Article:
# Incrementing across a changeable distance 0-1 keeping time equal [closed]

I'm unable to think through this one I think it's one of those moments where the answer is really simple but I'm too close to the problem to see the solution.

I have a distance that's changeable and an object that has to traverse this distance in the same time regardless of length.

The start of the distance is valued as 0 and the end of the distance is valued as 1.

Obviously the incrementation will be smaller the larger the length to keep the times equal.

What formula could I use to calculate the 0-1 incrementation but keep the time taken equal.

I know it seems overly complicated way to increment but it's part of the third party plugin I've been given.

I'm coding in C#.

Thanks.

[EDIT] Sorry I wasn't very clear. For incrementation the start point is always 0 and the end point is always 1. So the object can move += 0.5 for example. so when the length increase from say 30 to 65 it should take longer to increment from 0 to 1.

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## closed as unclear what you're asking by Alex, Servy, Spontifixus, Mansfield, BlorgbeardMar 13 at 18:42

Please clarify your specific problem or add additional details to highlight exactly what you need. As it's currently written, it’s hard to tell exactly what you're asking. See the How to Ask page for help clarifying this question.If this question can be reworded to fit the rules in the help center, please edit the question.

speed = distance / time –  Servy Sep 17 '12 at 13:24
Won't the incrementation be bigger the larger the length? –  Tudor Sep 17 '12 at 13:30
@Tudor No, sorry I wasn't very clear, incrementation is always from 0 to 1. So the longer the length the longer it should take to get from 0 to 1 so the incrementation should be less. See my edit. Let me know if I'm still being unclear. –  Dave Sep 17 '12 at 13:46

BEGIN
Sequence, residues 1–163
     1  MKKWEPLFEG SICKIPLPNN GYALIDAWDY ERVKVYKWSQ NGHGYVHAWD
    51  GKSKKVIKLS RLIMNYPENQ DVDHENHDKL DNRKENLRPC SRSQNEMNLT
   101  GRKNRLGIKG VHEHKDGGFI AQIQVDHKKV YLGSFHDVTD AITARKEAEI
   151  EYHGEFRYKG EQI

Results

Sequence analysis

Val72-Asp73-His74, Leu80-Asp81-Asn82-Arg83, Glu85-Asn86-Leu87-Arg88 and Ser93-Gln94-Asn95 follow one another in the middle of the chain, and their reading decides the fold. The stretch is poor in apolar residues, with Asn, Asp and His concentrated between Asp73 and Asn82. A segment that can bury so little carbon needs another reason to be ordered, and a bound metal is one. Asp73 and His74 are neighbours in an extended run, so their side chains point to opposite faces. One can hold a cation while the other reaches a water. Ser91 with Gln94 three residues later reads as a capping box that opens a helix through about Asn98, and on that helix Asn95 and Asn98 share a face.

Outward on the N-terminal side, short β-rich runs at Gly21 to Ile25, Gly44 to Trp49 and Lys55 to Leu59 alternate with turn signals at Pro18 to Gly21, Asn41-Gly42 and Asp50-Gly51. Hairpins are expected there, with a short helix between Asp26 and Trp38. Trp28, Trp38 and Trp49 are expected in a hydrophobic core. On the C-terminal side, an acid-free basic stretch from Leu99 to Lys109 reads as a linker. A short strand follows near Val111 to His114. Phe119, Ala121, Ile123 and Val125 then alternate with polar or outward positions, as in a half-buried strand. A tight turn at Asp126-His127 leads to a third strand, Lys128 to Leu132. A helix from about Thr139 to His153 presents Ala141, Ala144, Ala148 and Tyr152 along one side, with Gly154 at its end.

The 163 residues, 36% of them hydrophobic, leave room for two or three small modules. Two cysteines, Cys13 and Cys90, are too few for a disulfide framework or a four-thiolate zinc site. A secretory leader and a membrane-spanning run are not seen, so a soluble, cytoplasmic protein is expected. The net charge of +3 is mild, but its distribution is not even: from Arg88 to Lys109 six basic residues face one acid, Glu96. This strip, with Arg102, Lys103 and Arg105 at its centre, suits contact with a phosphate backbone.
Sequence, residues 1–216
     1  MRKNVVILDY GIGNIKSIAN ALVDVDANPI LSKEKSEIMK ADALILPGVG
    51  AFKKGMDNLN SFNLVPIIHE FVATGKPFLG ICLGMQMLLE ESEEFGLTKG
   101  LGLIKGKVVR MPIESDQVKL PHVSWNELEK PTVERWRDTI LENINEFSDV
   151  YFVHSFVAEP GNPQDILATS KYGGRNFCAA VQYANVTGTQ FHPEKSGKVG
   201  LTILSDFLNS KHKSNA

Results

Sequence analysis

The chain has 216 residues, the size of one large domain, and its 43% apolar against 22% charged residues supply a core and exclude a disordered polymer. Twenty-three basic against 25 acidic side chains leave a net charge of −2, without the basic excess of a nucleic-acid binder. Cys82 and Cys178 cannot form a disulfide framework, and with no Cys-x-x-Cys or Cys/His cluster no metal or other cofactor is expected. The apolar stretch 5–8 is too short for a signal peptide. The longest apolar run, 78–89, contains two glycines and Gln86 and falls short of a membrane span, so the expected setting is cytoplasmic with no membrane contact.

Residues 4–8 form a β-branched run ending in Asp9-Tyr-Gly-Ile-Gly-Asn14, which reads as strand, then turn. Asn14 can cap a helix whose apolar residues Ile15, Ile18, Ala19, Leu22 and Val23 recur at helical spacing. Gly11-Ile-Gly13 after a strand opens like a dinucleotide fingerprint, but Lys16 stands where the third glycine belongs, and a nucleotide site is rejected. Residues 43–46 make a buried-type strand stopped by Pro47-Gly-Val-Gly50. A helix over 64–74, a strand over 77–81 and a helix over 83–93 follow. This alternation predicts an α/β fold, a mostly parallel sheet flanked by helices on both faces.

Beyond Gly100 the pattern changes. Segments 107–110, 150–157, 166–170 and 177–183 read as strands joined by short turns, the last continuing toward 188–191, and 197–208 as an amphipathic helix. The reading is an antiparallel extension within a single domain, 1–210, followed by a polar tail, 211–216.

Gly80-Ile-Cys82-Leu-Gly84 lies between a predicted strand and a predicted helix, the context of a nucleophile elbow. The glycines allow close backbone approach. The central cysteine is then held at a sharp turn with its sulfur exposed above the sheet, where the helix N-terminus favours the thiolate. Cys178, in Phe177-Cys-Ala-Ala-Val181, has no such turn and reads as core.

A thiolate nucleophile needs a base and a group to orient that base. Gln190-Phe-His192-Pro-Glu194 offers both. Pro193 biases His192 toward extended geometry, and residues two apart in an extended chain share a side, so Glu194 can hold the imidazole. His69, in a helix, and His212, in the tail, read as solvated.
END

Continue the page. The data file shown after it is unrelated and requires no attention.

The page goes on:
@Servy Sorry, that isn't useable in this instance. –  Dave Sep 17 '12 at 13:47
@Dave It most certainly is usable. Your incrementation is the speed. You are moving that distance over a fixed period of time. The total distance, in this case, is 1 (from 0 to 1). The time is the number of ticks (number of times you increment your current position). Therefore `speed = distance / time` becomes `sizeOfIncrement = 1 / numTicks` –  Servy Sep 17 '12 at 13:57

So you are looking for a way to have a number `x` in the range [`0`,`1`] that maps to some `y` in some arbitrary range [`min`,`max`], and are looking for the increment value a such that if `x` -> `y` then `x` + `a` -> `y` + `b` for some constant `b`? If I have understood your question correctly, then your `a` value should be:
`a = b / (max - min)` note: make sure to format this correctly for C#, especially be sure to cast and that sort of thing.
This is basically saying that `a` should be the fraction of the range that `a` spans, that if `b` is half the range from `min` to `max`, then `a` should be 0.5, and if `b` spans one fifth the range, `a` should be 0.2.